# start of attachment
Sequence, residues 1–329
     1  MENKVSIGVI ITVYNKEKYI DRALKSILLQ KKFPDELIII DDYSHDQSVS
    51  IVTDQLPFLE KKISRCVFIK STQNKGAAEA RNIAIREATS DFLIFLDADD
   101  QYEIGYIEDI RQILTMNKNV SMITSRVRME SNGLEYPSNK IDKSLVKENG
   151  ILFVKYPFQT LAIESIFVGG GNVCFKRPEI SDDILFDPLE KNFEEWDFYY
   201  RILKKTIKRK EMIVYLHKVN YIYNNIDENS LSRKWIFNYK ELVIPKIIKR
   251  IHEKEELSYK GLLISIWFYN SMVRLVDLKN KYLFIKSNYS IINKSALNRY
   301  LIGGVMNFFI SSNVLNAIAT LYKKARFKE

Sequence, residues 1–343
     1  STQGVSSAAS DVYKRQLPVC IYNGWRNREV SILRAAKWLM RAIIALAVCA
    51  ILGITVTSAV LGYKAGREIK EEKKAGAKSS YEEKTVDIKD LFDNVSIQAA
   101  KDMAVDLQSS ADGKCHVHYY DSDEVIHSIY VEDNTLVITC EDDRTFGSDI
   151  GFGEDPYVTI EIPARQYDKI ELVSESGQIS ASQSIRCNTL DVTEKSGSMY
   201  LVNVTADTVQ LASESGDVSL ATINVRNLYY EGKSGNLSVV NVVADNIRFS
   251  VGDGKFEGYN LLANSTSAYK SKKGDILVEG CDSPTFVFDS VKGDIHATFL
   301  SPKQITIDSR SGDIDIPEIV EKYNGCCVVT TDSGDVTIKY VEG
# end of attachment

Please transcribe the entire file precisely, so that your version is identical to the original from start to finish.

Sequence, residues 1–329
     1  MENKVSIGVI ITVYNKEKYI DRALKSILLQ KKFPDELIII DDYSHDQSVS
    51  IVTDQLPFLE KKISRCVFIK STQNKGAAEA RNIAIREATS DFLIFLDADD
   101  QYEIGYIEDI RQILTMNKNV SMITSRVRME SNGLEYPSNK IDKSLVKENG
   151  ILFVKYPFQT LAIESIFVGG GNVCFKRPEI SDDILFDPLE KNFEEWDFYY
   201  RILKKTIKRK EMIVYLHKVN YIYNNIDENS LSRKWIFNYK ELVIPKIIKR
   251  IHEKEELSYK GLLISIWFYN SMVRLVDLKN KYLFIKSNYS IINKSALNRY
   301  LIGGVMNFFI SSNVLNAIAT LYKKARFKE

Sequence, residues 1–343
     1  STQGVSSAAS DVYKRQLPVC IYNGWRNREV SILRAAKWLM RAIIALAVCA
    51  ILGITVTSAV LGYKAGREIK EEKKAGAKSS YEEKTVDIKD LFDNVSIQAA
   101  KDMAVDLQSS ADGKCHVHYY DSDEVIHSIY VEDNTLVITC EDDRTFGSDI
   151  GFGEDPYVTI EIPARQYDKI ELVSESGQIS ASQSIRCNTL DVTEKSGSMY
   201  LVNVTADTVQ LASESGDVSL ATINVRNLYY EGKSGNLSVV NVVADNIRFS
   251  VGDGKFEGYN LLANSTSAYK SKKGDILVEG CDSPTFVFDS VKGDIHATFL
   301  SPKQITIDSR SGDIDIPEIV EKYNGCCVVT TDSGDVTIKY VEG